• Join over 1.2 million students every month
  • Accelerate your learning by 29%
  • Unlimited access from just £6.99 per month

Were Stalins purges a success?

Extracts from this document...


Were Stalin's Purges in the 1930's a success or a disaster? By 1929, Joseph Stalin had become the undisputed leader of one of the largest populations in the world. He achieved this through a combination of political scheming, the mistakes of his opponents and the ingenious way in which he built up his power base. Stalin had great plans, but in order to execute them, he needed power. It seemed there was only one way to keep Russia in order - to control the people to such an extent that they would be afraid to even think of opposing him. Stalin, like Tsar Nicolas II before him, had trouble keeping this vast country in order. Soon, the terror increased, as Stalin tried to keep control and the death count rose. ...read more.


He achieved that, but little else it seems. Stalin lost all support which was not forced, and had to retrain officers and workers, to replace the ones imprisoned or dead. By 1937, an estimated 18 million people had been purged, with little reasoning as to why. The cracks began to show, as Stalin wiped out more and more people, to stay in authority of an ever-shrinking public. Although these Purges were villainous, Stalin had some reasoning behind them. His aims were more concentrated on the long term, in which all his opponents were destroyed, and Stalin had complete control. However, Stalin appeared to focus on one area of improvement at a time, as although the Purges helped him gain control, they also stopped improvement in other areas, such as becoming stronger. ...read more.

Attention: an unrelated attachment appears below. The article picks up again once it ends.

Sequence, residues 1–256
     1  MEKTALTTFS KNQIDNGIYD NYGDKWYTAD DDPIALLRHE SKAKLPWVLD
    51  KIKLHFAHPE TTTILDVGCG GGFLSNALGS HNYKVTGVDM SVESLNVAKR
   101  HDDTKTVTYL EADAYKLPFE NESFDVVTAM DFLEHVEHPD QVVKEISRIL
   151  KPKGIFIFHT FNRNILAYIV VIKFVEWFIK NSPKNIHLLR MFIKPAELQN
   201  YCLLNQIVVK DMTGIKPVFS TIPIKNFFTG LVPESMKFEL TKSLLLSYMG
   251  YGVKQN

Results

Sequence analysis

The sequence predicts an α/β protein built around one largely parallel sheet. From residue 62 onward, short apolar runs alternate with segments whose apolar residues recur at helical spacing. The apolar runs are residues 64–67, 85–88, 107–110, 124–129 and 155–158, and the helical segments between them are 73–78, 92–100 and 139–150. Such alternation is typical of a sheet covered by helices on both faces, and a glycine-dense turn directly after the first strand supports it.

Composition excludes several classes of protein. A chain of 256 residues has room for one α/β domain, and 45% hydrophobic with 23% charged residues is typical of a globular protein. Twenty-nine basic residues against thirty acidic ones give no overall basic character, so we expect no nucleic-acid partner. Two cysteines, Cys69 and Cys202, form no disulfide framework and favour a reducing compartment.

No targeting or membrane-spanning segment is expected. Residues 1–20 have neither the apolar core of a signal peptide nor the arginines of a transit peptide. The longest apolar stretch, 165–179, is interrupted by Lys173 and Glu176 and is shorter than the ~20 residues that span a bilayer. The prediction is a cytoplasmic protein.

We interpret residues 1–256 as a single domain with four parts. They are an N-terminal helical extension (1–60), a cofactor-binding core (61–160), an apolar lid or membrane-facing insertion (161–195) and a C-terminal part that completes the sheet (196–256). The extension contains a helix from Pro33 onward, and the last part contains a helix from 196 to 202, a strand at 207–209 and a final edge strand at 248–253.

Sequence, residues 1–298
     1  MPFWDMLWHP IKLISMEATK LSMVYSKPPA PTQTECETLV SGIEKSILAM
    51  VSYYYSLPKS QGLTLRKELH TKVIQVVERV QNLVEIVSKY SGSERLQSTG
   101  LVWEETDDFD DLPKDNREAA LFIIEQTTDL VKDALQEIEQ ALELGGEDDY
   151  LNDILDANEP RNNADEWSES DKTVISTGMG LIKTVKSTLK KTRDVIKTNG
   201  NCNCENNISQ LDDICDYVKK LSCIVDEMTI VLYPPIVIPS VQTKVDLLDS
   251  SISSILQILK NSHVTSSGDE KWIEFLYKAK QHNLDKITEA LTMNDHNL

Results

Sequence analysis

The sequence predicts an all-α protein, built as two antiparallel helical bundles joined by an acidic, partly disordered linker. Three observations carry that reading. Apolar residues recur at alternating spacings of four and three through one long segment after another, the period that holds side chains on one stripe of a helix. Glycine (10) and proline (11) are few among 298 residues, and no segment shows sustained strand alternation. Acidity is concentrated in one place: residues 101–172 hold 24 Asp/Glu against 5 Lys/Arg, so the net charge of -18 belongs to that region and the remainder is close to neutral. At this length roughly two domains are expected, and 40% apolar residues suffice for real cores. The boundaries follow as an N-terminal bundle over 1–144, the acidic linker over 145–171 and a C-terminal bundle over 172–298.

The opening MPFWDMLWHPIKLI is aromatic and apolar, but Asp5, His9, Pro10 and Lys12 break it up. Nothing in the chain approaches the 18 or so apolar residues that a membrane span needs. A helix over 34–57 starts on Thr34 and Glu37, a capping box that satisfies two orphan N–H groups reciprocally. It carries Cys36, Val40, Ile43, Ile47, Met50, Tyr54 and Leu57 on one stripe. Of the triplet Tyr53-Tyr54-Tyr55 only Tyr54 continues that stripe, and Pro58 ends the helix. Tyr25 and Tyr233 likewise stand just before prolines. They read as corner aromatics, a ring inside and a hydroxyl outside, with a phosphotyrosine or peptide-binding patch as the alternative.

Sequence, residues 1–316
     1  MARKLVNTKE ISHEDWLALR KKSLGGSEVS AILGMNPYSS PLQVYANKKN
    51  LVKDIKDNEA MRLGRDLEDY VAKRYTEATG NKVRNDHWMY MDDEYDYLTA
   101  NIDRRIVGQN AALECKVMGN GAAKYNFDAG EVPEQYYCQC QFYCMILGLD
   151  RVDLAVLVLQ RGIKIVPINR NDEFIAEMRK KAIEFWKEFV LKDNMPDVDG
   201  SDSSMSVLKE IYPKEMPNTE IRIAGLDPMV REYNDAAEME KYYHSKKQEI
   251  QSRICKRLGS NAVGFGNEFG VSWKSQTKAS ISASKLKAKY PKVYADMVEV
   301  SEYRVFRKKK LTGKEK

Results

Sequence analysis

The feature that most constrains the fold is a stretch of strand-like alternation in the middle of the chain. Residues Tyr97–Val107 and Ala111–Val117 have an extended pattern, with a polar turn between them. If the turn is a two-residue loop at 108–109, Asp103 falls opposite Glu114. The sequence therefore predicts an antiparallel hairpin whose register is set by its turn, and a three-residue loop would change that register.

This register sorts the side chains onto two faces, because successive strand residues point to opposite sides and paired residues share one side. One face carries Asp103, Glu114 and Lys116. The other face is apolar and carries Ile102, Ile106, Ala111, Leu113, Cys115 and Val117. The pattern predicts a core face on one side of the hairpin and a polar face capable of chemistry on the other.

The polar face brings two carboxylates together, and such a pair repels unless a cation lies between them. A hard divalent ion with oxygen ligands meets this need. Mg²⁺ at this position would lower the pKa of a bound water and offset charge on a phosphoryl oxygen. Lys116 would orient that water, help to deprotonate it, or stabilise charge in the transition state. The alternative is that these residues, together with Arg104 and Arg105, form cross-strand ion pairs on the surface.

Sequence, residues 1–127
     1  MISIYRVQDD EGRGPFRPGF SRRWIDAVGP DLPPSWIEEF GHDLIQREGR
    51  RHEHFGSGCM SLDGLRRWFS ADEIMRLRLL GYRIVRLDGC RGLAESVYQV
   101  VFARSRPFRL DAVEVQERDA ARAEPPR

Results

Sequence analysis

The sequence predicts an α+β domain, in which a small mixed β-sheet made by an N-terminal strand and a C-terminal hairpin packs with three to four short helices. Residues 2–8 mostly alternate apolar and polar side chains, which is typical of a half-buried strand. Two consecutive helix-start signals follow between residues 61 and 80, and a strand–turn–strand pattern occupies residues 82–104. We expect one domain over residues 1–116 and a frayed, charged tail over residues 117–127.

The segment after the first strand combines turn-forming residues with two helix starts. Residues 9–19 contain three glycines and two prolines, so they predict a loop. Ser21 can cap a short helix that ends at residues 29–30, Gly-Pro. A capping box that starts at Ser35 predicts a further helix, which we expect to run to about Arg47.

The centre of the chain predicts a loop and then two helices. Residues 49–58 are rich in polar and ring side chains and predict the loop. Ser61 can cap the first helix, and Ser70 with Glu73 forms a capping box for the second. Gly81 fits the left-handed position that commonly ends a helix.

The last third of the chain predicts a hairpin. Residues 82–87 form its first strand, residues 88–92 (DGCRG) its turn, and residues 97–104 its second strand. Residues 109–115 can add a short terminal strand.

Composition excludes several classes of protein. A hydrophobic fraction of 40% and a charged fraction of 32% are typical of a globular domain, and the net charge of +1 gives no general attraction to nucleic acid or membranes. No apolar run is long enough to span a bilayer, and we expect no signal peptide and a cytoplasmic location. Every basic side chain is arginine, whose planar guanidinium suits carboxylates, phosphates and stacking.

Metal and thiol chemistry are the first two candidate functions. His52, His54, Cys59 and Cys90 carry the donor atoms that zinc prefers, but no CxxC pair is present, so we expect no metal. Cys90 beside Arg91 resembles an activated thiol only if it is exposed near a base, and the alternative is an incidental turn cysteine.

Industrialisation also meant peasants were able to eat, as they were paid in food coupons, instead of real money. Though all Stalin's plans meant hard work for the Peasants, it was an easier way of life, and meant all communities lived and worked the same. Long term success' of the Purges are intertwined with the success of Collectivisation and Industrialisation, as it meant both could be achieved. For Stalin, it was also a huge help, as it meant a large proportion of the opposition were gone. This left the way clear to a supposedly brighter future, and new Russia. In conclusion, the Purges were seen as a failure as not only did the death toll reach around 18 million, just through Stalin's apparent insecurities but Russia was actually left weaker than before, with no army to lead them, and little food. As Stalin's grip on Russia became tighter, terror ruled the people. ?? ?? ?? ?? ...read more.

The above preview is unformatted text

This student written piece of work is one of many that can be found in our GCSE Russia, USSR 1905-1941 section.

Found what you're looking for?

  • Start learning 29% faster today
  • 150,000+ documents available
  • Just £6.99 a month

Not the one? Search for your essay title...
  • Join over 1.2 million students every month
  • Accelerate your learning by 29%
  • Unlimited access from just £6.99 per month